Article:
Orthopedic problems can be a major source of discomfort, pain, and inconvenience. One of the most common orthopedic issues is elbow pain, which can occur due to a range of factors such as repetitive strain injuries, arthritis, fractures, and nerve compression. In some cases, conservative treatments like physiotherapy, medication, or steroid injections can help alleviate the discomfort associated with elbow pain. However, in other cases, surgery is necessary to repair damaged tissues and restore full functionality. This blog post explores some of the most common conditions that require elbow surgery and what you can expect from the procedure.
Tennis elbow is a common condition that occurs as a result of overuse of the forearm muscles. It causes pain and stiffness in the elbow joint and can significantly affect one's ability to perform simple tasks. In most cases, tennis elbow can be treated with rest, physiotherapy, and medication. However, if the symptoms persist or worsen despite conservative treatment, surgery may be necessary to repair the damaged tendons and alleviate the pain. The surgery is usually performed under local anesthesia, and patients typically experience minimal discomfort and a quick recovery time.
Arthritis is a degenerative condition that causes joint pain and stiffness. It can affect any joint in the body, including the elbow. In the case of elbow arthritis, the joint may become severely damaged over time, making it difficult to move the arm without pain. In some cases, elbow replacement surgery may be necessary to restore function and relieve pain. During the procedure, the damaged joint is replaced with an artificial joint, which is designed to mimic the movements and function of a natural joint. Recovery time for elbow replacement surgery can vary, but most patients can return to normal activities within a few months.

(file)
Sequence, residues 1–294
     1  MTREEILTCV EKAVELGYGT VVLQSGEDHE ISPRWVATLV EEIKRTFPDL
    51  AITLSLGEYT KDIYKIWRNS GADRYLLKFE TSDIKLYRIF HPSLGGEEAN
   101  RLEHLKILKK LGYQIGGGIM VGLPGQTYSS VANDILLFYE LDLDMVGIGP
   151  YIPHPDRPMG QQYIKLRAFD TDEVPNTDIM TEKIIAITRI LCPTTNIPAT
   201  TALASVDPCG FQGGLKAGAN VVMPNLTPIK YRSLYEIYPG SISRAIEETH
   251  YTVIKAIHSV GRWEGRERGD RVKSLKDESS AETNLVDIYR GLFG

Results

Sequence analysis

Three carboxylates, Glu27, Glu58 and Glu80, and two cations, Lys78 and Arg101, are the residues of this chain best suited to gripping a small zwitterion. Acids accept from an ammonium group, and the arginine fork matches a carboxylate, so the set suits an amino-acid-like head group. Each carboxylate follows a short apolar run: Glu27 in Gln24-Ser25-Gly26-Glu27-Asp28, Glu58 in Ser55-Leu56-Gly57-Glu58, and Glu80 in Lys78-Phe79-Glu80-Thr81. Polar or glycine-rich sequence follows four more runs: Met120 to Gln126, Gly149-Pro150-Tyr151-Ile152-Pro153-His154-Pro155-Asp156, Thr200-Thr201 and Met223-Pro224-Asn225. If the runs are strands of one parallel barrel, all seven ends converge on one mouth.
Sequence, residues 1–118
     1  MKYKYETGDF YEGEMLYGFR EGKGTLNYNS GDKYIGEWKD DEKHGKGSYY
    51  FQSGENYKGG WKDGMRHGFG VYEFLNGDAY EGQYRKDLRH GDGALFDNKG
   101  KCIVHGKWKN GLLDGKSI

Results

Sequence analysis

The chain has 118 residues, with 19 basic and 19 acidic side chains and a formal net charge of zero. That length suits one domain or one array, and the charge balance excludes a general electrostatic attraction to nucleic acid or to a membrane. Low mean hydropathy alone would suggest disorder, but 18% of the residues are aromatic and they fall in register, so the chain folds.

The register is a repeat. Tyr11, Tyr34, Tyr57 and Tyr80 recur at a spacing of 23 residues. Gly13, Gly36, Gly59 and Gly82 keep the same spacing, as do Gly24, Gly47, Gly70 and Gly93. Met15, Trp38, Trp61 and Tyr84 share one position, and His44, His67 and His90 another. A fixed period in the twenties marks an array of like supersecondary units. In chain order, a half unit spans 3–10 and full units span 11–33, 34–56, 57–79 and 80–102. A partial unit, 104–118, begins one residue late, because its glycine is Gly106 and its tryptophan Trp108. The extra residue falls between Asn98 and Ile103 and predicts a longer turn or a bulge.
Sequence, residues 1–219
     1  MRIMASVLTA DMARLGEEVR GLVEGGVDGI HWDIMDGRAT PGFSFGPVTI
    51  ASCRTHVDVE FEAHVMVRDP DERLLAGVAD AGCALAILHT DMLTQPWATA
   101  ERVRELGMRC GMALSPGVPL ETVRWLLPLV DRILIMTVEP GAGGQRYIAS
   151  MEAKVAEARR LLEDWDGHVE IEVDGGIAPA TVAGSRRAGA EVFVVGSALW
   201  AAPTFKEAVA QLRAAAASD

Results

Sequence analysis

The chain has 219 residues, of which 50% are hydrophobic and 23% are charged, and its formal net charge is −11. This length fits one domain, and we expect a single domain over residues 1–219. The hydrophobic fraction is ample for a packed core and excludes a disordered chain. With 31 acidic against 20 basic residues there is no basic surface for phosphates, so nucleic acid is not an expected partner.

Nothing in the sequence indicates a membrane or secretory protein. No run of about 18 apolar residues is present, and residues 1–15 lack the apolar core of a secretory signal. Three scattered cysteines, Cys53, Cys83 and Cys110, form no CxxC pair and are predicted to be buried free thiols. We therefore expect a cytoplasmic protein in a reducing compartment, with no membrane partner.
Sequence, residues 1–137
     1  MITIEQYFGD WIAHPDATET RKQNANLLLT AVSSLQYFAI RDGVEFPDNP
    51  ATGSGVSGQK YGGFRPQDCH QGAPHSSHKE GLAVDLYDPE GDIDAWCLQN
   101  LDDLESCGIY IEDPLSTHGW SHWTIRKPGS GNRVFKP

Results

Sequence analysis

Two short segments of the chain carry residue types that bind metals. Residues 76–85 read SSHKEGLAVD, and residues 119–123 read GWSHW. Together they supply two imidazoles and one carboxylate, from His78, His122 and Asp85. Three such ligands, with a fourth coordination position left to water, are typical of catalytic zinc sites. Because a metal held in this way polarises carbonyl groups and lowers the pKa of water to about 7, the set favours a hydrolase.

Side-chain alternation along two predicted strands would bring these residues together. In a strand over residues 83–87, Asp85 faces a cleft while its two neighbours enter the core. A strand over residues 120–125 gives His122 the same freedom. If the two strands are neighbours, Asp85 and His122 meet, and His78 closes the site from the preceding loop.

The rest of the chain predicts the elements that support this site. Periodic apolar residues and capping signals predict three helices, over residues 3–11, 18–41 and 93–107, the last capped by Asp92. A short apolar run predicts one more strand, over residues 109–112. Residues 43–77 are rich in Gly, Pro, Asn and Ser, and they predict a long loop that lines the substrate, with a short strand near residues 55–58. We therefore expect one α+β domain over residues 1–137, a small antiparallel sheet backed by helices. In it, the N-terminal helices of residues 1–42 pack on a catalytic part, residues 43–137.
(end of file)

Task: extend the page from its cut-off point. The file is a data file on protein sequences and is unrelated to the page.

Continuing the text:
Elbow fractures are a common injury that can occur due to falls, sports-related injuries, or accidents. In some cases, the fracture may be treated with cast immobilization or a brace, but in other cases, surgery may be necessary to repair the damaged bone. During the procedure, the orthopedic surgeon will realign the bones and use screws, plates, or pins to hold the fracture in place while it heals. Recovery time for elbow fracture surgery can vary depending on the severity of the injury, but most patients can resume normal activities within a few months.
Nerve compression in the elbow can cause pain, numbness, and tingling sensations in the arm and hand. In some cases, surgery may be necessary to release the compression and restore nerve function. During the procedure, the orthopedic surgeon will make an incision in the elbow and release the compressed nerve. Recovery time for nerve compression surgery can vary, but most patients can return to normal activities within a few weeks.
Elbow surgery can be a daunting prospect for many people, but it's important to remember that modern surgical techniques and advances in anesthesia have made these procedures safer and more effective than ever before. If you're experiencing elbow pain, stiffness, or discomfort, it's important to consult with an experienced orthopedic surgeon who can diagnose your condition and recommend the most appropriate course of treatment. The experts at Central Florida Bone & Joint Institute are here to help. So, if you're looking for an orthopedic surgeon in Orange City, FL, don't hesitate to reach out and schedule a consultation today.